Some of the world’s most famous sinkholes are seemingly endless pits that swallow trees, cars and entire buildings.
Others fill with water, becoming popular swimming holes and offering unique photo opportunities. Discover some of the most famous sinkholes around the world!
In the strictly geological sense, sinkholes occur when water erodes solid bedrock, creating an underground cavity that collapses inward. However, the term can be used in a broader sense to describe any sudden slump of the Earth’s surface. Regardless of how you define them, these massive holes capture our curiosity with the mysteries of their bottomless depths.
1. Schmalkalden sinkhole, Germany
A giant crater some 20 metres deep has opened up in a residential area of an eastern German town, swallowing a car and parts of a garage, but causing no injuries. Emergency services were called to the scene in Schmalkalden on Monday night by a resident who reported hearing unusual noises. Six houses and 25 people were evacuated. Geologists say it wasn’t immediately clear why the ground gave way. Authorities filled the hole with gravel.
2. The speedway sinkhole, North Carolina, USA
A sinkhole formed in the infield of the Charlotte Motor Speedway in North Carolina in September 2010 when a 30-year-old drainpipe deteriorated 35 feet underground. The speedway was built atop an old landfill, and heavy rains contributed to the underground collapse.
2. The Guatemala City sinkhole, Guatemala
Huge sinkhole swallowed an entire intersection in Guatemala City over the weekend, gulping down a clothing factory but causing no deaths or injuries. Authorities say they are still investigating what caused the big hole. The giant 200ft-deep crater appeared after Guatemala was hit by tropical storm Agatha, bringing torrential rains and causing deadly mudslides.
4. The great blue hole – Belize
The Great Blue Hole is a large underwater sinkhole off the coast of Belize that’s more than 1,000 feet wide and 400 feet deep. It formed as a limestone cave system during the last ice age when sea levels were lower, and the caves flooded as the planet warmed and sea levels rose.
5. Cenote Ik Kil sinkhole – Yucatan, Mexico
Cenote Ik Kil (cenote means “natural well” in Spanish) is a large sinkhole on Mexico’s Yucatan Peninsula that’s sacred to the Mayans. The peninsula’s unique composition of porous limestone has resulted in several of these water-filled sinkholes, but Cenote Ik Kil is one of its most famous. The hole is 90 feet deep, adorned in tropical vegetation and filled with clear blue water that Mayan royalty used for both relaxation and ritual sacrifices.
6. The Great Ravenna Boulevard Sinkhole – Seattle, USA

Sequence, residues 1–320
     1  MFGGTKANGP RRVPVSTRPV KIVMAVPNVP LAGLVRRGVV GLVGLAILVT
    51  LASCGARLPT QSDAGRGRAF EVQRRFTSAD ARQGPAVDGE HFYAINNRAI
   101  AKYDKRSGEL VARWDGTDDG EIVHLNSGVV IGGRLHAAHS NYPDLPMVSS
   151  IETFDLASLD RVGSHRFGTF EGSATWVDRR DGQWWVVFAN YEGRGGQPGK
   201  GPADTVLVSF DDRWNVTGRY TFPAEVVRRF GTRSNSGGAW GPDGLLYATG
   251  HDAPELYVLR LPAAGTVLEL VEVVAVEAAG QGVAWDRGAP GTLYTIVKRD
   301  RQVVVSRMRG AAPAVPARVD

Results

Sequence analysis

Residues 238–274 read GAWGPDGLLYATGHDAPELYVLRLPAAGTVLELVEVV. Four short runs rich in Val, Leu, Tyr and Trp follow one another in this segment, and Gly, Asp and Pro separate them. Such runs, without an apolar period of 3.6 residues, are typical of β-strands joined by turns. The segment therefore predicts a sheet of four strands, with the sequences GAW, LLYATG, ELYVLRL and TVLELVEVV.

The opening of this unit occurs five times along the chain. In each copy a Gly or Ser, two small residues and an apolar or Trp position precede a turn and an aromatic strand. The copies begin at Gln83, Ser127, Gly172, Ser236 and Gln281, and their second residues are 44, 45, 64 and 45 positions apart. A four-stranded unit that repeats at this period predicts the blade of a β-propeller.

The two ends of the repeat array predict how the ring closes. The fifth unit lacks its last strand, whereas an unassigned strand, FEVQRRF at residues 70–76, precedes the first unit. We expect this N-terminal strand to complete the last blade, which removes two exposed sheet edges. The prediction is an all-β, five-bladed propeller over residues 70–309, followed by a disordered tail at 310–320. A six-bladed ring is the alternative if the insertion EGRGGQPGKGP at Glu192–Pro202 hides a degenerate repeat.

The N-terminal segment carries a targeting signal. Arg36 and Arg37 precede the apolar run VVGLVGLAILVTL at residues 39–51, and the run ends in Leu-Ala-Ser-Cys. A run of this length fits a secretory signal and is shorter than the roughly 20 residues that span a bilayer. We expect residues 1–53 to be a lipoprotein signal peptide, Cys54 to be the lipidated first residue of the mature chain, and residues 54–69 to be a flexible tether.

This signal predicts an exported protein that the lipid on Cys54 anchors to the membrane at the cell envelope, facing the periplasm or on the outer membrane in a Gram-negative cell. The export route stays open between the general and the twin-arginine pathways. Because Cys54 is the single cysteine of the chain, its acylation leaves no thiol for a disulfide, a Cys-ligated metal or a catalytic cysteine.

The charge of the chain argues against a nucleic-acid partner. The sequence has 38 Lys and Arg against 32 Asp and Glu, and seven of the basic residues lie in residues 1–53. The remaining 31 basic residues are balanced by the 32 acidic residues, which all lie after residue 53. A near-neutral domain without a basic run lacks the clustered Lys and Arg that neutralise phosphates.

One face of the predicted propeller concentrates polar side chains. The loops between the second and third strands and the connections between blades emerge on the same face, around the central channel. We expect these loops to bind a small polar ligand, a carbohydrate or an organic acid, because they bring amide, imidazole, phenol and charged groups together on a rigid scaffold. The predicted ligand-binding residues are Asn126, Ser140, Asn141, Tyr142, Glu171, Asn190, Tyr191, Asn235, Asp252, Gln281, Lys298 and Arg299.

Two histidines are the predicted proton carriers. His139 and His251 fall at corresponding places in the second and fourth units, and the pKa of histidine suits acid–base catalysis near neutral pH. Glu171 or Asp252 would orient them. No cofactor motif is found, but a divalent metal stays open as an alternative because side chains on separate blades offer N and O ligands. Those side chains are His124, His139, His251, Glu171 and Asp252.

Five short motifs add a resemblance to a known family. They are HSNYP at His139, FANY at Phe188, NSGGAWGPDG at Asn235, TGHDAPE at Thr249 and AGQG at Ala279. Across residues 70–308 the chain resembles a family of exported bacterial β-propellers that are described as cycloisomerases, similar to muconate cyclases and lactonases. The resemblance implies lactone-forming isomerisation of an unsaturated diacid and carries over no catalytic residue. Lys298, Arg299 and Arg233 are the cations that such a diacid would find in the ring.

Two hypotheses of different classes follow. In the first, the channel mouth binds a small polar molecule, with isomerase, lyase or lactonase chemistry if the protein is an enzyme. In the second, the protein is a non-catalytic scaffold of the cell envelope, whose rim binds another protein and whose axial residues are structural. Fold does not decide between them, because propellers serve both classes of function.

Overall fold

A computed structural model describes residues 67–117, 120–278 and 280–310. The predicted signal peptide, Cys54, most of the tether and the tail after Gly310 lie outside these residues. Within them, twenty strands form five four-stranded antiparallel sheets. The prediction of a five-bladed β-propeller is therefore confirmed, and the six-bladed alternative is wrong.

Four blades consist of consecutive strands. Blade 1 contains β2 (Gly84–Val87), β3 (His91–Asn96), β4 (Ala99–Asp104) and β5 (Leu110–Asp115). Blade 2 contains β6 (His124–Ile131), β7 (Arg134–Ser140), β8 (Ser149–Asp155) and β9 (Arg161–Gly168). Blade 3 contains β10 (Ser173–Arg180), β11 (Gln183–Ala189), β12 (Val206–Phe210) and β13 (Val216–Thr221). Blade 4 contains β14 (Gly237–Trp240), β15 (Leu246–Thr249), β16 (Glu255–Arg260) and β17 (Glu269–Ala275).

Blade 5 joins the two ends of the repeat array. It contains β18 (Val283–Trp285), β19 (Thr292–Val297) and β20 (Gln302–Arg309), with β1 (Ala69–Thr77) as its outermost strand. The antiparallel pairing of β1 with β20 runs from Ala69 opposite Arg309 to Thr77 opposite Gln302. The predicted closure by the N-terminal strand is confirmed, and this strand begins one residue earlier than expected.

One of the largest and most expensive sewer collapses in the United States occurred on the night of Nov. 11, 1957, in Seattle. The sewer trunk collapsed 145 feet below the street, but the massive sinkhole that resulted was just 60 feet deep. Repairs took two years to complete.
7. The Picher sinkhole – Oklahoma, USA
The EPA calls Picher, Okla., the “most toxic place in America,” and today the city is a modern a ghost town. Years of mining for lead and zinc has left the town full of sinkholes like this one. The roofs of some of the mines — unable to support the weight of the earth — collapsed, and now the former municipality is home to only giant chat piles and numerous massive sinkholes.
8. El Zacatón sinkhole – Tamaulipas, Mexico
The El Zacatón sinkhole is the deepest water-filled sinkhole in the world. It was long considered to be bottomless, but in 1997 NASA solved the pit’s mystery when it sent an underwater robot into the waters and found the depth of El Zacatón to be 1,112 feet. The clear, blue water is highly mineralized and has a sulphurous odor, and it’s quite warm — averaging 86 degrees Fahrenheit. The sinkhole’s name comes from the free-floating islands of zacate grass that blow across the lake in the wind.
9. The Neversink Pit sinkhole – Alabama, USA
Neversink Pit is a limestone sinkhole in Alabama, and it’s one of the most-photographed sinkholes in the world because of its beautiful fern-covered ledges and waterfalls. The hole is about 40 feet wide at the top, but it expands to 100 feet at its bottom, which is 162 feet from the ground. Neversink is home to bats and several rare and endangered fern species.
10. Montezuma Well sinkhole – Arizona’s Montezuma National Monument Park, USA
Montezuma Well is located in Arizona’s Montezuma National Monument Park. The sinkhole was formed during prehistoric times when a limestone cavern collapsed, and today it’s 365 feet wide and 55 feet deep. Some 1.4 million gallons of water flow through the sinkhole each day from underground springs. The water of Montezuma Well is highly carbonated due to high levels of carbon dioxide, and the water contains very little oxygen and high levels of arsenic so it can’t support fish.
11. Devil’s Den sinkhole – Florida, USA
Devil’s Den is a fern-draped sinkhole in Williston, Fla., that is fed by underground springs. The water averages 72 degrees Fahrenheit, and on cold winter mornings, steam can be seen rising from the ground — thus, early settlers named the pit Devil’s Den. The sinkhole’s clear, warm water makes it a popular diving and snorkeling site, and visitors to the cave can see ancient rock formations, stalactites and fossil beds.